The dorsal and ventral default mode networks are uniquely modulated by the valence and vividness of imagined events
Lee, S., Parthasarathi, T., & Kable, J. W.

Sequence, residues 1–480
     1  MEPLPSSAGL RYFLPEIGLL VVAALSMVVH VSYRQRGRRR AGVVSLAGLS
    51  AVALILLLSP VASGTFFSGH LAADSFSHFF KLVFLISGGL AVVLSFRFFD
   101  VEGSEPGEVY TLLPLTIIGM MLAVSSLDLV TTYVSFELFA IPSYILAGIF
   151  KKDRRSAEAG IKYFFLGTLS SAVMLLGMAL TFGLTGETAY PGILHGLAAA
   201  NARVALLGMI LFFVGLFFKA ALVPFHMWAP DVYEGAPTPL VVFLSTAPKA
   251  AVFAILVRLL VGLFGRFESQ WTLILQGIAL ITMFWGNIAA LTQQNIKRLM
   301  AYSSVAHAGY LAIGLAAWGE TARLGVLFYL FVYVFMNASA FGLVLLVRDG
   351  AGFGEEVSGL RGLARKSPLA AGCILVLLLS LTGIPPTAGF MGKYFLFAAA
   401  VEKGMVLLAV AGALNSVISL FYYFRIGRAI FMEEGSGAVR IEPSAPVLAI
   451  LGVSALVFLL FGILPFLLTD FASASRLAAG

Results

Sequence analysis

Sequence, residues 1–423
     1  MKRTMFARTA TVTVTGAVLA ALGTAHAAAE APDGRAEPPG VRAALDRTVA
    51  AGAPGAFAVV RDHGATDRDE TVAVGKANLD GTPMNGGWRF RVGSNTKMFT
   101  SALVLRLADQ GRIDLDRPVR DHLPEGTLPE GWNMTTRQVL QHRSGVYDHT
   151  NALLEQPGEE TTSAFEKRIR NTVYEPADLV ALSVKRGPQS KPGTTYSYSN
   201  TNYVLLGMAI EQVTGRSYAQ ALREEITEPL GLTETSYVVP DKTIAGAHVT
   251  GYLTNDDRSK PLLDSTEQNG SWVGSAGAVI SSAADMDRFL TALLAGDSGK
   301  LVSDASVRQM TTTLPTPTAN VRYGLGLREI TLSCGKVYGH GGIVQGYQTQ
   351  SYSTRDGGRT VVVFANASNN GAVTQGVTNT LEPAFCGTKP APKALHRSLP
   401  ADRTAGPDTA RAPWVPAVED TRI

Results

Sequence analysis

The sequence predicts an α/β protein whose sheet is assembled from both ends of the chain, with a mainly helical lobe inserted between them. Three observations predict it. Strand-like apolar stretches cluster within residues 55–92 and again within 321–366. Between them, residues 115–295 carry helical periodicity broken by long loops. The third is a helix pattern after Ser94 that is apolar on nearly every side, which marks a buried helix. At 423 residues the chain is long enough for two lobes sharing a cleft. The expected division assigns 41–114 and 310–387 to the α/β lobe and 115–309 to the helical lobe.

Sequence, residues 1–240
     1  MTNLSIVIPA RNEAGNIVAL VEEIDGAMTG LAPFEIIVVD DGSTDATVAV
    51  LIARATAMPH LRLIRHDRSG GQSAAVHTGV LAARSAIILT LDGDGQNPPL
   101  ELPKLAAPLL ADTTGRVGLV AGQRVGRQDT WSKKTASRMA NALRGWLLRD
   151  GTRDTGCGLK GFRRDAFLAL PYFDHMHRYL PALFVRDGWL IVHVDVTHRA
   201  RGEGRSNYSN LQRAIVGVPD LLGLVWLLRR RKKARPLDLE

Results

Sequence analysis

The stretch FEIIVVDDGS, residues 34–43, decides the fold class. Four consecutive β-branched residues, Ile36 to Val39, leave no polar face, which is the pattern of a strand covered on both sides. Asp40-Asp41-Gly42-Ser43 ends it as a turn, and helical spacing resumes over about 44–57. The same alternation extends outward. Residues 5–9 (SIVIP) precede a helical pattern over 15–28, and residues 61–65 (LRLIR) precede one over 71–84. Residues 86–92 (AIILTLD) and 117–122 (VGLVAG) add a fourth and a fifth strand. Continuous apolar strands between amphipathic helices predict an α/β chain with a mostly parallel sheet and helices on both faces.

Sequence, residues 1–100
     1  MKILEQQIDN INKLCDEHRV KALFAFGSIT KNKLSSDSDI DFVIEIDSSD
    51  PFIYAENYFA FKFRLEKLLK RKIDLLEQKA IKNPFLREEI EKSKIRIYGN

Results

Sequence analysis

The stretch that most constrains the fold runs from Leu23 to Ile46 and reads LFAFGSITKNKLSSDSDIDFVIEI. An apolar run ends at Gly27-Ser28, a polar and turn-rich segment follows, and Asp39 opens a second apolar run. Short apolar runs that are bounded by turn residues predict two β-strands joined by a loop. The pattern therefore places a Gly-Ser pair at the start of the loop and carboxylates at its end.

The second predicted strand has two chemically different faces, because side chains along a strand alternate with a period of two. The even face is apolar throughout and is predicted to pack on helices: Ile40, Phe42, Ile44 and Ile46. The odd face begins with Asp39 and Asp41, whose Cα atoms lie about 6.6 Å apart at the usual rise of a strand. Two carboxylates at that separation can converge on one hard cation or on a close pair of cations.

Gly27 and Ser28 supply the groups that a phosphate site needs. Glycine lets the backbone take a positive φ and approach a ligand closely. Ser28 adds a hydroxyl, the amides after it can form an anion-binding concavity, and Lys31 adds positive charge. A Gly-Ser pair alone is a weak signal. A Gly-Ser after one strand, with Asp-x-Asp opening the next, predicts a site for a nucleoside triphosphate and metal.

Humans often engage in mental time travel, or imagining possible future events. Recent work has shown that the brain’s default mode network (DMN) is active when people imagine the future. Here we test whether future imagination can be decomposed into dissociable psychological processes linked to different subcomponents of the DMN. While measuring brain activity with fMRI as subjects imagine future events, we manipulate the vividness of these events to modulate the demands for scene construction, and we manipulate the valence of these events to modulate the demands for evaluation. We found that activity in one subcomponent of the DMN, the ventral DMN or medial temporal lobe subsystem, responds to the vividness but not the valence of imagined events. In contrast, activity in a different subcomponent, the dorsal or core DMN, responds to the valence but not the vividness of imagined events. The separate modifiability of different subcomponents of the DMN by vividness and valence provides strong evidence for a dissociation between neurocognitive processes involved in (1) the construction of novel, imagined scenes from individual components from memory and (2) the evaluation of these constructed events as desirable or undesirable.